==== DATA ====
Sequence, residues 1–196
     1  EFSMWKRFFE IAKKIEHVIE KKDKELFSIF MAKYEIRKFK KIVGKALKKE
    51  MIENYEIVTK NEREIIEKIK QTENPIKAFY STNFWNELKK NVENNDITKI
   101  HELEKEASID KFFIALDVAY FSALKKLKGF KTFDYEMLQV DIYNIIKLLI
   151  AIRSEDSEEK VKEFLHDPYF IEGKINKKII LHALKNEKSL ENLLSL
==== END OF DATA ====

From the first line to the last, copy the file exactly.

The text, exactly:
Sequence, residues 1–196
     1  EFSMWKRFFE IAKKIEHVIE KKDKELFSIF MAKYEIRKFK KIVGKALKKE
    51  MIENYEIVTK NEREIIEKIK QTENPIKAFY STNFWNELKK NVENNDITKI
   101  HELEKEASID KFFIALDVAY FSALKKLKGF KTFDYEMLQV DIYNIIKLLI
   151  AIRSEDSEEK VKEFLHDPYF IEGKINKKII LHALKNEKSL ENLLSL